(often, in wine circles, simply tasting) is the sensory
examination and evaluation of
wine. While the practice of wine
tasting is as ancient as its production, a more formalized
methodology has slowly become established from the 14th century
onwards. Modern, professional wine tasters (such as
sommeliers or buyers for
retailers) use a
constantly-evolving formal terminology which is used to describe the
range of perceived flavors, aromas and general characteristics of a
wine. More informal, recreational tasting may use similar
terminology, usually involving a much less analytical process for a
more general, personal appreciation.
 The results of the four
recognized stages to wine tasting –
"in mouth" sensations
– are combined in
order to establish the following properties of a wine: complexity
potential (suitability for aging or drinking)
A wine's overall
quality assessment, based on this examination, follows further
careful description and comparison with recognized standards, both
with respect to other wines in its price range and according to
known factors pertaining to the region or vintage; if it is typical
of the region or diverges in style; if it uses certain
wine-making techniques, such as
malolactic fermentation, or any
other remarkable or unusual characteristics.
Whereas wines are
regularly tasted in isolation, a wine's quality assessment is more
objective when performed alongside several other wines, in what are
known as tasting "flights". Wines may be deliberately selected for
vintage ("horizontal" tasting) or
proceed from a single
winery ("vertical" tasting), to
vineyard and vintages,
respectively. Alternatively, in order to promote an unbiased
analysis, bottles and even glasses may be disguised in a "blind"
tasting, to rule out any prejudicial awareness of either vintage or
To ensure impartial
judgment of a wine, it should be served blind — that is,
without the taster(s) having seen the label or bottle shape. Blind
tasting may also involve serving the wine from a black wine glass to
mask the color of the wine. A taster's judgment can be prejudiced by
knowing details of a wine, such as geographic origin, price,
reputation, color, or other considerations.
has long demonstrated the
power of suggestion in perception
as well as the strong effects of expectancies. For example, people
expect more expensive wine to have more desirable characteristics
than less expensive wine. When given wine that they are falsely told
is expensive they virtually always report it as tasting better than
the very same wine when they are told that it is inexpensive. French
researcher Frédéric Brochet "submitted a mid-range Bordeaux in two
different bottles, one labeled as a cheap table wine, the other
bearing a grand cru etiquette" and obtained predictable results.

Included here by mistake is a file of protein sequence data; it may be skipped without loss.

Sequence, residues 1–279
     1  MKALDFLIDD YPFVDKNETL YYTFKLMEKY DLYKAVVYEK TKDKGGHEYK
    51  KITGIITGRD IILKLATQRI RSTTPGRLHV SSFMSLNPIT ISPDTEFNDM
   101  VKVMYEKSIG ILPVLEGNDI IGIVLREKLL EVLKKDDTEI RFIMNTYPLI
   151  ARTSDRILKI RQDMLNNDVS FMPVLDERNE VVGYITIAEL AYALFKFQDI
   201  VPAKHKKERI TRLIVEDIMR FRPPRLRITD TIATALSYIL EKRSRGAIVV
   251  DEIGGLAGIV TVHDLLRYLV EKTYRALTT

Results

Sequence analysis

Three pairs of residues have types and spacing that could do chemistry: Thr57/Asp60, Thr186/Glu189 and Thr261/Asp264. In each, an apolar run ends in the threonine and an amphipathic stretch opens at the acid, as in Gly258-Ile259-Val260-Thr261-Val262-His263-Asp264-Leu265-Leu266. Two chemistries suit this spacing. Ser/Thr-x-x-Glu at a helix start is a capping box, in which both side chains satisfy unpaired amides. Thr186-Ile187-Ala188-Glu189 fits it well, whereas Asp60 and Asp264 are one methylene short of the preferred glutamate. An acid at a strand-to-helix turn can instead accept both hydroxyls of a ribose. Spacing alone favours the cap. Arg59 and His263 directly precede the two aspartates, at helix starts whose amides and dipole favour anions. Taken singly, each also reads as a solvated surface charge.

Tasters described the supposed grand cru as "woody, complex, and
round" and the supposed cheap wine as "short, light, and faulty."
Blind tastings have repeatedly demonstrated that price is not highly
correlated with the evaluations made by most people who taste wine.
On the other hand, some extremely expensive wines of great fame,
Chateau Petrus and
Domaine de la Romanée-Conti,
consistently receive the highest ratings in blind tastings of
professional reviewers such as
have expectations about wines because of their
producer, vintage, color, and many
other factors. For example, when Brochet served a white wine he
received all the usual descriptions: "fresh, dry, honeyed, lively."
Later he served the same wine dyed red and received the usual red
terms: "intense, spicy, supple, deep."
The world of wine
has numerous myths and exaggerations that are only now being
disproven scientifically, yet they influence perceptions and
expectancies. Not even professional tasters are immune to the strong
effects of expectancies. Therefore, the need for blind tasting
Vertical and horizontal
horizontal wine tastings are wine
tasting events that are arranged to highlight differences
between similar wines.
is a term used by wine tasters to describe a selection of wines,
usually between three and eight glasses, but sometimes as many as
fifty, presented for the purpose of sampling and comparison.
Glasses used in
tasting flights are usually smaller than normal wine glasses, and
they are often presented on top of a sheet of paper which identifies
each wine and gives some information about each
grape or vineyard. This format
allows tasters to compare and contrast different wines.
An extended tasting
will typically consist of several flights, each with a theme. For
example, several wines from the same region and vintage would
comprise a flight, or several wines from the same variety but
different regions. It is typically the responsibility of the tasting
organizer to select flights that offer maximum illumination of
similarities and differences, while at the same time making sure the
progression of flights is appropriate.
that a wine is served at can greatly effect the way it taste and
smell. Lower temperatures will emphasize
tannins while muting the
aromatics. Higher temperatures will
minimize acidity and tannins while increasing the aromatics.